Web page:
Friday, April 27, 2012

The Moment of Silence is Over

As I sit here on the last Friday before most of my major final assignments are due, I think of all the ways in which female oppression around the world is the same but different, instead.
A woman in Beijing, China confronts the brutal abuse she faced at the hands of her husband. 

Beijing. I was just there. I left with this euphoric feeling of how beautiful the city was, how it was different than the US.  But, it’s so much the same.  Women – silenced because abuse is something to be ashamed of. Something you aren't supposed to talk about publicly.

Women in Haiti are still being raped.  Still being silenced, because girls are so promiscuous… No help from the cops because girls always want it anyway. Men raping women, raping children, raping babies….and it’s the victim’s fault? It’s the victim’s fault that she was held down and violated?

Source: FreckledChimp

I live in a culture of women that think they’re free because they get to walk out of their front doors without having to cover their hair or hide their faces.  They can show off their legs and get into cars with men that aren’t family members.  But, when (God forbid) they are raped – the question lingers: well, what were you wearing? The judgment rises: maybe if you hadn’t worn that tiny skirt…Why did you get into the car with him? Why did you go out with him?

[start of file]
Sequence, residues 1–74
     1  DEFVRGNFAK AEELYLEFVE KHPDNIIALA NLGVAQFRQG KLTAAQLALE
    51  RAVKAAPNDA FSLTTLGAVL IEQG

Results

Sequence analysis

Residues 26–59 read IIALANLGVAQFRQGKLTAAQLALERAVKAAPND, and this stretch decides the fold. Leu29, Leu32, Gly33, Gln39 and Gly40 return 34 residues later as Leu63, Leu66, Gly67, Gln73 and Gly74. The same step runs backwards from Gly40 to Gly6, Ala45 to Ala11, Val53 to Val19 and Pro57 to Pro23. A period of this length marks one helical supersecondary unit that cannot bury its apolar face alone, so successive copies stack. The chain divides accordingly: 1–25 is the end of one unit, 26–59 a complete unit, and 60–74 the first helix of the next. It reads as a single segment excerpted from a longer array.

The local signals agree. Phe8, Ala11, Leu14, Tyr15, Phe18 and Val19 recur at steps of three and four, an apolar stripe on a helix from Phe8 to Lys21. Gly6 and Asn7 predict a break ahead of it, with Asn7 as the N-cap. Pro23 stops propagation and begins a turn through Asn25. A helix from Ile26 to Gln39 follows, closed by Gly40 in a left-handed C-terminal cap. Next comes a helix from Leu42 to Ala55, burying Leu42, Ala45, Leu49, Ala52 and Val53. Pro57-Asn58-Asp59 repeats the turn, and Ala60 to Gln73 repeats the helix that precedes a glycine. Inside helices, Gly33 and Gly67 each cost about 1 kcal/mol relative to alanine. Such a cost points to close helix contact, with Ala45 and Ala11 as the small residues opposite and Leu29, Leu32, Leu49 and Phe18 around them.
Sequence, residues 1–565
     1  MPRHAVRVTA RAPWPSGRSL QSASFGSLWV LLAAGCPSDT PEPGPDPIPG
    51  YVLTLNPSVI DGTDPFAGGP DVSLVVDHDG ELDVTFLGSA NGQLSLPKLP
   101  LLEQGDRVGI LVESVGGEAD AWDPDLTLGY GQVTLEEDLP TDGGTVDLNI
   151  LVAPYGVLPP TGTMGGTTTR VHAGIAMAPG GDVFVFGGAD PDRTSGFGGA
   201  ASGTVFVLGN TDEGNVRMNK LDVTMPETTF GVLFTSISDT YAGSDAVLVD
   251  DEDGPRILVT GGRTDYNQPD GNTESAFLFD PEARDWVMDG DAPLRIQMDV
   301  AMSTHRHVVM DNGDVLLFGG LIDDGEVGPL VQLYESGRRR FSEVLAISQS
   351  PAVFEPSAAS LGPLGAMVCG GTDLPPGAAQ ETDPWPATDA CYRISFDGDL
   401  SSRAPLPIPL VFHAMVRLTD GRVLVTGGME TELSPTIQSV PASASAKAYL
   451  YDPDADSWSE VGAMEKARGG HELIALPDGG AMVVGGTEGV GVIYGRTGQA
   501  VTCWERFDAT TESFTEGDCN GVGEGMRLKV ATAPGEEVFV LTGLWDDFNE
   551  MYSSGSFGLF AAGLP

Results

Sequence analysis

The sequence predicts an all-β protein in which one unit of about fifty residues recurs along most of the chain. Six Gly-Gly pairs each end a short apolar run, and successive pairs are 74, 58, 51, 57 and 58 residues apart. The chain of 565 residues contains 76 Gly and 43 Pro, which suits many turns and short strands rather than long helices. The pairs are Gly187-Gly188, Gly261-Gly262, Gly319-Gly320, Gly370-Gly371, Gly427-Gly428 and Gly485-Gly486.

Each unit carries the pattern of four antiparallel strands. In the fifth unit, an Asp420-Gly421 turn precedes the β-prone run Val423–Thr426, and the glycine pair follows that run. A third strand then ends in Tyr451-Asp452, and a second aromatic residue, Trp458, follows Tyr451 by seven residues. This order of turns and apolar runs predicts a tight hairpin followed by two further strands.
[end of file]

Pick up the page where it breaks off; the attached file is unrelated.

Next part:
Yes, because men can run the country and tell me what to do with my womb, my reproductive organs, MY BODY, but they can’t control themselves around a woman in a skirt.

Forgive me my Muslim friends if I get this wrong, but isn’t part of the oppressive culture surrounding hijabs and burqas directly related to the sexuality of women? And how women must cover themselves to avoid raising the lusts of men? Please, correct me if I’m wrong.*

Wholly different circumstances, but still so much the same.  America likes to place itself on a pedestal, pointing a naked finger at all of those other countries that are so backwards and must be saved from themselves. “My, look at how women are treated in Iraq/Iran/[insert othered Middle Eastern country of choice here] we must liberate them so they, too, can be free like our women!”

You throw too many stones America.

It seems that women, by their very existence, are responsible for their rape, their abuse and their status as object, as less than in any country.  And when we speak up against it – we’re feminazis, we’re seeing things, we’re not working hard enough, or we work so hard we’re bitches and ballbusters.  When I confront blatant sexism and misogyny I “can’t take a joke." We're liars because "stuff like that" doesn't happen "here." Or, we just don't understand because that's part of "culture." 


STOP letting them silence you.

*Note 8/28/2013: I meant in no way to disrespect women who choose to wear hijabs, etc. My comment was focused on the idea that how women are clothed, in form, is in anyway related to how they are or should be treated. I am still learning. Forgive me if I overstep or mis-speak while doing so. 

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